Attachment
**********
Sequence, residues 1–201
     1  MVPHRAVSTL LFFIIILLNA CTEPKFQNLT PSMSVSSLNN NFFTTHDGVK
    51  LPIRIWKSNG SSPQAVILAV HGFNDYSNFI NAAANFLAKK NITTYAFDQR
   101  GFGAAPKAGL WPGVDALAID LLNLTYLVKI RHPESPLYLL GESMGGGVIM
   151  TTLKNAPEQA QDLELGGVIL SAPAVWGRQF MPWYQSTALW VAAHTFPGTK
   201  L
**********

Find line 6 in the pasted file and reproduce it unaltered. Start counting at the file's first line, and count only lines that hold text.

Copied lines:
   201  L